After getting less than satisfactory medical results from three gynecologists, a gastroenterologist, and an emergency room physician, she found yet another new gynecologist. The new doctor spent nearly 30 minutes with her prior to the examination. She talked with Lisa about her symptoms and concerns. She took a medical history. She listened. Following the exam that included an in-office ultrasound, the doctor ordered two tests that proved vital: an MRI and a CA-125 blood test.

The MRI results came in shortly after Thanksgiving. You didn’t need to be a radiologist to see the massive cyst. The doctor followed-up with Lisa, and met with her to discuss her options. Lisa then scheduled an appointment with one of the top gynecological oncologists in the country, based on the recommendation of her new gynecologist. While in his office, the CA-125 results came in. Things did not look good. He scheduled Lisa for surgery the following week.

The surgeon gave Lisa a 10 percent chance of the cyst being benign. Sadly, she was not that lucky. A hysterectomy was conducted.

Lisa is now recovering nicely from her surgery. Her normal toughness and good humor are serving her well. She is pretty much off of her pain killers. She’s walking a good amount and is getting out and about.

Lisa’s doctor says he was able to remove all visible signs of the cancer. But, her fight is not yet over. Shortly, Lisa will begin chemotherapy. The coming months will present a continuing challenge.

With Lisa’s permission, I’m sharing our story with you for three reasons:

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December 23, 2011

Amazing News about Nonprofit / For-profit Partnerships

This is the Hanukkah and Christmas season. It’s a time of great spiritual meaning.

For Jews, it is a time to celebrate religious freedom and the survival of the Jewish people.

For Christians, it is a time to rejoice in the birth of Jesus Christ.

For retailers, this is economically a make or break season.

Now, there is stunning news concerning nonprofit/for-profit partnerships. Cause-related marketing is something that can significantly help both nonprofit organizations and their for-profit partners more than ever before.

According to a study from Cone Communications, a public relations and marketing agency specializing in cause branding and corporate responsibility, an overwhelming 94 percent of consumers are likely to switch brands, about equal in price and quality, to one that supports a social issue. This purchase behavior is at an all-time high since Cone first began measuring consumer purchase trends in 1993, says Craig Bida, Cone’s Executive Vice President of Cause Branding and Nonprofit Marketing.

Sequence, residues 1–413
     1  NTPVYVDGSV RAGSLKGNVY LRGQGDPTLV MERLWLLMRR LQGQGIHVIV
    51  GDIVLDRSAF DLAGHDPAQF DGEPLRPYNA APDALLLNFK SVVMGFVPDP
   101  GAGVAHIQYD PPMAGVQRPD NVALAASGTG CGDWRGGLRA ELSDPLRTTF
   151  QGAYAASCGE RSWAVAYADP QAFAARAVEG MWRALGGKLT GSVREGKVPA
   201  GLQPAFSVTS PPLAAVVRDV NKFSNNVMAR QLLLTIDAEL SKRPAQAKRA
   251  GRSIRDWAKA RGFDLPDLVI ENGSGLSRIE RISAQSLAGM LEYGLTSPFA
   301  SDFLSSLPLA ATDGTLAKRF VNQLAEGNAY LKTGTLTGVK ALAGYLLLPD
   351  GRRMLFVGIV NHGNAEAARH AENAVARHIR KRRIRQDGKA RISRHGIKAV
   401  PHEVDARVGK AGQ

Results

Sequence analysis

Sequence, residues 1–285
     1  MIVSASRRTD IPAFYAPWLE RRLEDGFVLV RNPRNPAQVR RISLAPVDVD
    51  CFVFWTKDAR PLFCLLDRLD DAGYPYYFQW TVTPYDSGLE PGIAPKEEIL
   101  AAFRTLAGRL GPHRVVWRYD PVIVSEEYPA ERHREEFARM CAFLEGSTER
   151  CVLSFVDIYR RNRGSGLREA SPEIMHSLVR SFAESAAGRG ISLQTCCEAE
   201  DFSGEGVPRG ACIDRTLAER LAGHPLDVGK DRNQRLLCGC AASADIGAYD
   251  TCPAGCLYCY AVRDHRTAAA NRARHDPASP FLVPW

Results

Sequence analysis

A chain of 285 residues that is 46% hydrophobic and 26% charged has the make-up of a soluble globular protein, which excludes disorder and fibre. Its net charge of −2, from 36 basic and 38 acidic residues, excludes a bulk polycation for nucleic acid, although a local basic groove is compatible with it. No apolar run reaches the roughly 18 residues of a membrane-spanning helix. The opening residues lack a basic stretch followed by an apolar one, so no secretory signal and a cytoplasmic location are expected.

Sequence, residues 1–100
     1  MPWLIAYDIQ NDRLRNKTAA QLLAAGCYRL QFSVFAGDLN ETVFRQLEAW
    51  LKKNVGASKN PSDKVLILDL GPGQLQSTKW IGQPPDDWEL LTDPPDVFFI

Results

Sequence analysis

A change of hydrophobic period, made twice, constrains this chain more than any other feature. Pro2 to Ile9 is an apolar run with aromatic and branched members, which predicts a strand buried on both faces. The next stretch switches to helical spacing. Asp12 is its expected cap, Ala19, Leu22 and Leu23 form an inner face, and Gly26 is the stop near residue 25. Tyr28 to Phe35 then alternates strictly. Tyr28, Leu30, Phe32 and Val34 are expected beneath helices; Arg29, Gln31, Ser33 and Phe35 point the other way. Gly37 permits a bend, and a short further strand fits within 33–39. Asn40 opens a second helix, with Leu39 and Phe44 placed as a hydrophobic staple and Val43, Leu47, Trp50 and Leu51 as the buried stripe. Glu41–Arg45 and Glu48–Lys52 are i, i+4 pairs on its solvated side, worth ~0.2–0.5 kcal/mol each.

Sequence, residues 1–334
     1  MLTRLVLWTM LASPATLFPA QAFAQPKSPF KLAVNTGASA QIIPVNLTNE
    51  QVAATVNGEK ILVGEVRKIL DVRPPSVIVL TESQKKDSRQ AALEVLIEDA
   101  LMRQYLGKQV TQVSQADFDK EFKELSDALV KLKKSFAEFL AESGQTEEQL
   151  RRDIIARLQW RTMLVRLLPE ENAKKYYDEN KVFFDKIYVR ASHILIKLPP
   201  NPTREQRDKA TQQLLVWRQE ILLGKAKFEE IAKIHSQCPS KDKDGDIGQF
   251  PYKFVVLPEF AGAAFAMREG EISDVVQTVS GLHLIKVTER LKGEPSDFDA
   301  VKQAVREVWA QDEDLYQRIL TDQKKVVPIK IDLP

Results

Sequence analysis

“Over the years, consumers have been increasingly expecting companies to support social causes. Now, we’re seeing Americans demand companies address issues by speaking with their wallets,” said Bida.

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December 15, 2011

How NOT to Run a Capital Campaign

From time-to-time, I will invite an outstanding, published book author to write a guest post. If you’d like to learn about how to be a guest blogger, click on the “Authors” tab above.

This week, I have invited Linda Lysakowski, ACFRE, author of Capital Campaigns: Everything You NEED to Know. Linda is a friend, and I have joked with her that she is the Stephen King of the fundraising world. I tease her about this, not because she writes horror stories, but because she is nearly as prolific as King. She has at least eight titles to her name!

I know, from personal experience, that writing a book requires a great deal of time and effort. Linda has long been willing to do what it takes to share her wisdom. Her books are always practical, accessible, and full of useful tips culled from her decades of experience.

Capital Campaigns is her latest book. The official description of her book says, “Do you work for or serve on the board of a nonprofit that is thinking about or ready to launch a capital campaign? Capital Campaigns: Everything You NEED to Know will equip you to determine your organization’s readiness for a campaign; help you decide if and when you need a planning study; show you how to allocate your human and financial resources effectively; guide you in creating a compelling case statement; provide you with the tools to evaluate your chances for success; give you how-to advice to plan every aspect of your campaign; and put at your fingertips ample examples of sample forms and charts.” Like I said, Linda always offers practical advice in her books.

For her article here, I played on my Stephen King joke and asked Linda to share some capital campaign horror stories and to let us know what we should NOT do in our capital campaigns. Here’s a chance to learn from the mistakes of others:


I’m an eternal optimist. So, I generally focus on the best ways to do things. But, for this article, I decided I would look at capital campaigns from a different perspective. I thought about some of the campaign mistakes I’ve seen organizations make over the years and realized I had, unfortunately, a lot of negative experiences from which I’ve learned. As I share some of the mistakes I’ve encountered, I hope you will learn from them, too. So, here is my list of things you should not do in a capital campaign: